Despite continuing improvements -- most of which really are improvements, too -- the interstate highway system around and through Indianapolis routinely grinds to a near-halt at rush hour. My work hours and usual worksite offer a nice view of the evening rush hour on the "inner loop" (not an actual loop, for various reasons) and it's pretty awful.
Oh, other cities have it worse, and down at stoplight level, if you know your way around, rush hour's not so bad. But make no mistake: at peak times, highway traffic regularly slows to a crawl.
When I took Friday afternoon off to go to the Indianapolis Hamfest and Tam wanted to go along, I asked her to be the exit timekeeper: "We need to be headed towards the gate by four."
She kept close track; after a break while she took pictures of a classic TransAm in the parking area, we were in my saunamobile and headed for the gate about a quarter after four, and navigating our way around I-465 minutes later.
Tam was minding the exits; that stretch of 465 grows to five or six lanes across, which are then peeled off in a series of "Exit Only" lanes, one after another, and being in the wrong one at peak times can be a problem.
Traffic was moving along briskly -- 70 mph or more in the middle lanes, and yes, it's all posted at 45 to 55. I had swung out to get around a truck in the thickening traffic when she told me to start getting over. Moved over one lane, two-- The traffic ahead suddenly erupted in brake lights and in seconds, we were at 35 miles an hour or less.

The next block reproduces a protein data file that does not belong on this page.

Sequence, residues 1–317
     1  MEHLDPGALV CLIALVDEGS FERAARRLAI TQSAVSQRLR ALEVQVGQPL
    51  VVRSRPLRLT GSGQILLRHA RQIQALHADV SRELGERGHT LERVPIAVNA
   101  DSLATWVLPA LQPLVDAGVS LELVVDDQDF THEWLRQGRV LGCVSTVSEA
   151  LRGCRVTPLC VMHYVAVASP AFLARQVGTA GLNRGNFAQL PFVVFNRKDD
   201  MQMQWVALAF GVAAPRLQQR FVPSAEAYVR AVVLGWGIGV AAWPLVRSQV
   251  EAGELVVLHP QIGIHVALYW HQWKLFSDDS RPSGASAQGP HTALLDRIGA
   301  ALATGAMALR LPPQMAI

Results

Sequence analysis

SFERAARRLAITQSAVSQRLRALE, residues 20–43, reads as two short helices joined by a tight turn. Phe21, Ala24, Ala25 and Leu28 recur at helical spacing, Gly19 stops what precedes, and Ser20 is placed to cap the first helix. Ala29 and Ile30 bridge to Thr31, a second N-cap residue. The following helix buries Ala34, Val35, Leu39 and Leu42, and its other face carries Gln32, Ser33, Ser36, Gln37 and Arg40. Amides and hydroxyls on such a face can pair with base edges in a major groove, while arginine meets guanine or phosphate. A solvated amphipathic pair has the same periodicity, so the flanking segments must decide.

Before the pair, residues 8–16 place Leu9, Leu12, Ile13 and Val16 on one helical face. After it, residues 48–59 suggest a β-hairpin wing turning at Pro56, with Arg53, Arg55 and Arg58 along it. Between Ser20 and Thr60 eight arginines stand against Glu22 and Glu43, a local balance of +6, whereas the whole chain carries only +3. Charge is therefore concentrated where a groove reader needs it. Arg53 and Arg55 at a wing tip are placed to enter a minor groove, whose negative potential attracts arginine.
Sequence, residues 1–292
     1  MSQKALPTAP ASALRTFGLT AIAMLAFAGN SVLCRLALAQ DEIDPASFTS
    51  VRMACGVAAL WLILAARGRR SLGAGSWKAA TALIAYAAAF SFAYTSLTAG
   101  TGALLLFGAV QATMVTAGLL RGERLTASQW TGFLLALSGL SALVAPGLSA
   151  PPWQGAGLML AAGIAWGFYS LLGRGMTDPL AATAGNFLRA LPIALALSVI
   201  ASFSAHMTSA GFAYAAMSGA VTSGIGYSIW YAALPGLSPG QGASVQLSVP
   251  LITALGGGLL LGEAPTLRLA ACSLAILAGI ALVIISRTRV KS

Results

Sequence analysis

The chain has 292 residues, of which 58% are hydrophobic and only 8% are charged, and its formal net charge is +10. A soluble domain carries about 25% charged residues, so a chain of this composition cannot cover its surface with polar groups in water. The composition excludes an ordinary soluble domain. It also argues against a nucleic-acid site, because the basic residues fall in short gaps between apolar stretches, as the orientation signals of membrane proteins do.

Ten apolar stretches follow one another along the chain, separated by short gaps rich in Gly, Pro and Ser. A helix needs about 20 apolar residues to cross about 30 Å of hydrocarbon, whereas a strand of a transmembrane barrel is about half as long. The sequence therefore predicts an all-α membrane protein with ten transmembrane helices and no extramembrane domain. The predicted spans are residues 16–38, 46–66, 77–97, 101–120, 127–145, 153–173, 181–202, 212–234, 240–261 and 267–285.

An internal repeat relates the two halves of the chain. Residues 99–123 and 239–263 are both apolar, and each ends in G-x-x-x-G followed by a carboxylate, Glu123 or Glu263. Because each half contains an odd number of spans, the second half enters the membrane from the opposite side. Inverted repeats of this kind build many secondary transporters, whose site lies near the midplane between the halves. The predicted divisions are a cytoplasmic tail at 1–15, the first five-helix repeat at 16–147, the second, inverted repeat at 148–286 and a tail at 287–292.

There were occasional gaps and I kept on working my over to the next-to-rightmost lane as exits went by. Tam had been a little quiet, thinking about something, and then she spoke,
"From 70 to Castleton, it'll be down to one lane all weekend. There's some big project."
"You don't think they got an early start? Surely not."
The traffic was getting grim, packing tighter and slowing. A few impatient souls were slipping across lanes from gap to gap with NASCAR levels of clearance, which wasn't helping. I concentrated on getting through it. Our exit is a long, two lane "collector" that combines two off-ramps and an on-ramp, with a four-lane weaving section in the middle of the run. I was in the innermost of the two right lanes, so we should be okay, right?
Tam: "Bobbi! We're missing our exit!"
I had forgotten: only one lane peels off, splitting into two immediately. Luckily, three cars to our right had taken the farthest-right lane as soon as possible, leaving a good-sized opening. I checked the mirrors, glanced to my right, and hit the gas, making the exit at the last possible second, trespassing only a little over the white line.
Freeway driving! You can have it.
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